Wednesday, August 24, 2011
Stephen received a magazine in the mail the other day, some Falconry magazine that one of his friends had an article in. Oddly enough I swiped the magazine before he got to read it, just because I noticed an article that was written by a Falconer's wife. Now just because I have been in school for to long and I have an need to half hardheartedly site some sources; the magazine is American Falconry Volume 56, page 44, a story title "A Falconer's Wife" by Ann Kienholz Jurcevich. Not that I am attempting MLA citing or anything but clarity and credit where it is due.
The story being written by a falconer's wife instantly caught my attention. Maybe because I am married to falconer.... The story is written well enough and has a bit of a funny twist, with that said I couldn't relate to the story. I felt sorry for the wife and her husband's lack of attention and I guess I have suffered from "falconry tunnel vision" a time or two over the last two years. But I think I vary from this wife because some how I got sucked in. I have said it before and I will say it again. I am not a falconer, I have never attempted to study for or take the test, I don't personally possess a hawk and I have no desire to deal with a hawk while it is killing and eating it's prey. Those things aside, you can't be married to or live in the same home as a falconer and not be affected by falconry. This is my view and my story about how I got sucked in.......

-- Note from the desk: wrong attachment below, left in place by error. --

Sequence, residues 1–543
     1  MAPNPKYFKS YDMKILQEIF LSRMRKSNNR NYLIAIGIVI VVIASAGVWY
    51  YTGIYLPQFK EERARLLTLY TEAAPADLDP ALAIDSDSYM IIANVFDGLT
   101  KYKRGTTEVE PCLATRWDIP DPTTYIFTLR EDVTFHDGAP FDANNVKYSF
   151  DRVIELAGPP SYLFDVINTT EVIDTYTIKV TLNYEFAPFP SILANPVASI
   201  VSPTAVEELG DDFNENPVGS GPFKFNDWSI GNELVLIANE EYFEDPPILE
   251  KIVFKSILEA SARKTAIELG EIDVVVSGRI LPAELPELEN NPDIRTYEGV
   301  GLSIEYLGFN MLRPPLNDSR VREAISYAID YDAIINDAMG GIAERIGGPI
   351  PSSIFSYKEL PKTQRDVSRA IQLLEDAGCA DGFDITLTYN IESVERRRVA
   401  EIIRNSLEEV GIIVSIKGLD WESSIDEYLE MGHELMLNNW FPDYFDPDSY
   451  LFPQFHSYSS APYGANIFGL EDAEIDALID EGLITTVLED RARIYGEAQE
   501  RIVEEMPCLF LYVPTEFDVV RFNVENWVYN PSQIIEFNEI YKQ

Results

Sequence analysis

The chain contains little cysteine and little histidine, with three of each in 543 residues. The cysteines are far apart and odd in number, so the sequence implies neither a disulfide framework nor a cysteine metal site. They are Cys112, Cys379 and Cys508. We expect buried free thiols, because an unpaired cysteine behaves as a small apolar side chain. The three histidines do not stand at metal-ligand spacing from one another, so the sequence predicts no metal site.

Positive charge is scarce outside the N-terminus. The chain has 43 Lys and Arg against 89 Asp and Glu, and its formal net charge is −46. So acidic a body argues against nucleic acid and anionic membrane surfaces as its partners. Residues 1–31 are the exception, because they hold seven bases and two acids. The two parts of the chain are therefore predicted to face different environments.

Not only has Stephen's three hawks given me a couple of great photographic opportunities, which I have from time to time posted in my blog, but there is the matter of trapping. Now any adrenaline junkie would be hard pressed to pass on trapping day. I openly admit that I went kicking and screaming into the role of "falconer's wife" I wasn't happy that the muse was built where my storage shed was suppose to be built.